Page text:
Congratulations to the 2013 World Series Champions – the Boston Red Sox. Apropos, I was in an Irish pub last night when the final out was recorded and then Sweet Caroline by Neal Diamond was heard throughout. Some final thoughts on the 2013 post season follow.
The Red Sox hit .211 in the Series, the lowest for a champion since the 1974 Athletics also hit .211. The Cardinals weren’t much better hitting .224 with a .572 OPS over 201 at-bats. Talk about a lack of hitting. If we remove each teams best performer – Big Papi and Allen Craig – the two teams hit a combined .190 (69 for 363).
The Red Sox clinched a Series at home for the first time since 1918 when Babe Ruth came in as a late inning defensive replacement in the outfield (he was still a pitcher at the time).
The Red Sox are the second team to go from last place one year to champions the next. The other was the 1991 Twins of Minnesota.
The Red Sox have eight championships, the fourth moth ever. Those ahead of them: Yankees (27), Cardinals (11) and Athletics (8). That’s right, if you add together teams 2-4 they’ve only won one more championship than the Yankees.
Stephen Drew was in a 4-for-50 tailspin in the playoffs, he looked every bit as bad as that sounds, before clubbing a homer off Wacha to help break the game open. You never know what you might seen when you watch a baseball game.
John Lackey is the only hurler to start and win a World Series deciding game for two clubs (the Sox and the Angels in 2002). He finished the post season with a 2.77 ERA over 26 innings in a remarkable turn around effort. What, you forgot that in 2012 he may have been the worst pitcher in baseball with a 6.41 ERA, 1.62 WHIP and .308 BAA over 160 innings?
David Ortiz won the MVP. His .760 OBP was the 2nd best in Series history behind the .800 mark of Billy Hatcher in 1990. He can thank his four walks in Game 6 for helping that number out and Big Papi reached base in 19 of his 25 plate appearances. Only Barry Bonds ever got on base more (21 out of 30 plate appearances in 2002). Ortiz also hit .353 with a .500 OBP and .706 SLG in the playoffs including a .688/.760/1.188 OPS in six Series games. Oh yeah, his .688 Series AVG was also second in series history to Hatcher who hit .750 in 1990.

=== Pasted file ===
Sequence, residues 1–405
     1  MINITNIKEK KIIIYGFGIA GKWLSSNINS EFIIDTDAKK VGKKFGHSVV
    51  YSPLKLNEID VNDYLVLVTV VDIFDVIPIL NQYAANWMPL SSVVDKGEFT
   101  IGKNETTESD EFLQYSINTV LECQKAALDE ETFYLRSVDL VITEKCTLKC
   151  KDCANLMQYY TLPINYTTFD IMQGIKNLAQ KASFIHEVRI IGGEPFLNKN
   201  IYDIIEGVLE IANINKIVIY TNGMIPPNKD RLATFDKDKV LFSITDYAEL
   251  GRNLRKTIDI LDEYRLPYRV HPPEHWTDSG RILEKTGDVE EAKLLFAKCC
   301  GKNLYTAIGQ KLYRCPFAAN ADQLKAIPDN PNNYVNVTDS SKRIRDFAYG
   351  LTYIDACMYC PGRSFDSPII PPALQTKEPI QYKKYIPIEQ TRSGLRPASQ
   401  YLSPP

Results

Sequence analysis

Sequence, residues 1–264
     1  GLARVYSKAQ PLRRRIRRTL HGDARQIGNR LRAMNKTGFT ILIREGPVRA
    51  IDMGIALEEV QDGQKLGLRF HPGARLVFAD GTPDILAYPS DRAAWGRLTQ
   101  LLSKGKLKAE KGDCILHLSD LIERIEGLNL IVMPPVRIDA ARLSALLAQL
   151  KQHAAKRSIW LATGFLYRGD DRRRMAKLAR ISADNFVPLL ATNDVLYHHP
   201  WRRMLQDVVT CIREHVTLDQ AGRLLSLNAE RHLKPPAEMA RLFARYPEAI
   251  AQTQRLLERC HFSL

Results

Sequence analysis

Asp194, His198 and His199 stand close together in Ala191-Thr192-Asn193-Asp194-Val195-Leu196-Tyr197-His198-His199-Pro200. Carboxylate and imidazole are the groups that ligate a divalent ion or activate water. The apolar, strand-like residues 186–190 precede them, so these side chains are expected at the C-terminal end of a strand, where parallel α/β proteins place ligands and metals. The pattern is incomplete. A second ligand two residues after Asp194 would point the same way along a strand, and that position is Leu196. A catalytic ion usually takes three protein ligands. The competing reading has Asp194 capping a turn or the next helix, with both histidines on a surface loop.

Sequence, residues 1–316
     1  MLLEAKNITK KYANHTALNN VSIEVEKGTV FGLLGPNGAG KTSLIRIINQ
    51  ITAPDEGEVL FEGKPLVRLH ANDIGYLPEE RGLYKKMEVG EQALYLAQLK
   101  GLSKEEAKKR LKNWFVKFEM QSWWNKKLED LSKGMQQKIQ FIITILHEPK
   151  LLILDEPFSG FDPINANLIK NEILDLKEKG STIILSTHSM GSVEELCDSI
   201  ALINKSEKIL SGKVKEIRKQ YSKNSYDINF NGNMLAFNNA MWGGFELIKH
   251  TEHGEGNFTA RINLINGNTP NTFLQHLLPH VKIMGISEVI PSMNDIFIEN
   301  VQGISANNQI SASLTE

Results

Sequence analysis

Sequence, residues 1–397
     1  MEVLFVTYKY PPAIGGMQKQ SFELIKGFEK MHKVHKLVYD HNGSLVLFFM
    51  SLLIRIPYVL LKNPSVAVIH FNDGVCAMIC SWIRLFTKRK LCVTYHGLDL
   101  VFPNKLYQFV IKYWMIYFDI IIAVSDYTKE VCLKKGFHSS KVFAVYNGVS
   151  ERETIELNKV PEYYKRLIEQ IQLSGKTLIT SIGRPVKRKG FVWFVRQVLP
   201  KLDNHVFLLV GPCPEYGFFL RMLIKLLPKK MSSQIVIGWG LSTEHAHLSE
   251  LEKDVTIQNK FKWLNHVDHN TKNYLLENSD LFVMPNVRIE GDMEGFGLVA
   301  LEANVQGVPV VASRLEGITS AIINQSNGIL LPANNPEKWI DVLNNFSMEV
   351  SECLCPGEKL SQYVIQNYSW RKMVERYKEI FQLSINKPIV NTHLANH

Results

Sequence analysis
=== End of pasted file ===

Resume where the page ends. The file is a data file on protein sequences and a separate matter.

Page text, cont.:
Did Koji Uehara just complete the best season of relief pitching ever? Not hyperbole folks. Check out the numbers. During the regular season he had a 1.09 ERA, 0.57 WHIP, 12.22 K/9 and 11.22 K/BB ratio (74.1 innings). In the post-season he was just as good: 0.66 ERA, 0.51 WHIP, 10.53 K/9, and he didn’t walk a single batter in 13.2 innings so we can’t even give an accurate K/BB ratio (he had 16 strikeouts). Add it all up and that 88 innings with an 11.96 K/9 mark, a 13.0 K/BB ratio, a 1.02 ERA and 0.56 WHIP. That’s just crazy talk but it’s all true.
Shane Victorino hit .216 with a .647 OPS in the playoffs yet he still drove in 12 runs in 14 games. I know. Somehow a guy who never has had more than 69 RBIs in a season has 42 RBIs in 60 post-season games.
Michael Wacha had produced a 1.00 ERA in four playoff victories before losing Game 6. He allowed six runs in 3.2 inning in the game after he had allowed, literally, half as many runs in his first four starts. It was a cold night, but the youngster was in the low 90′s with the heater after routinely hitting the mid to upper 90′s with it previously in the post-season.
Finally, don’t forget to have a happy Halloween. Here’s a link to the 10 movies that I think should be on your list of spooky flicks to watch on All Hallow’s Eve.
By Ray Flowers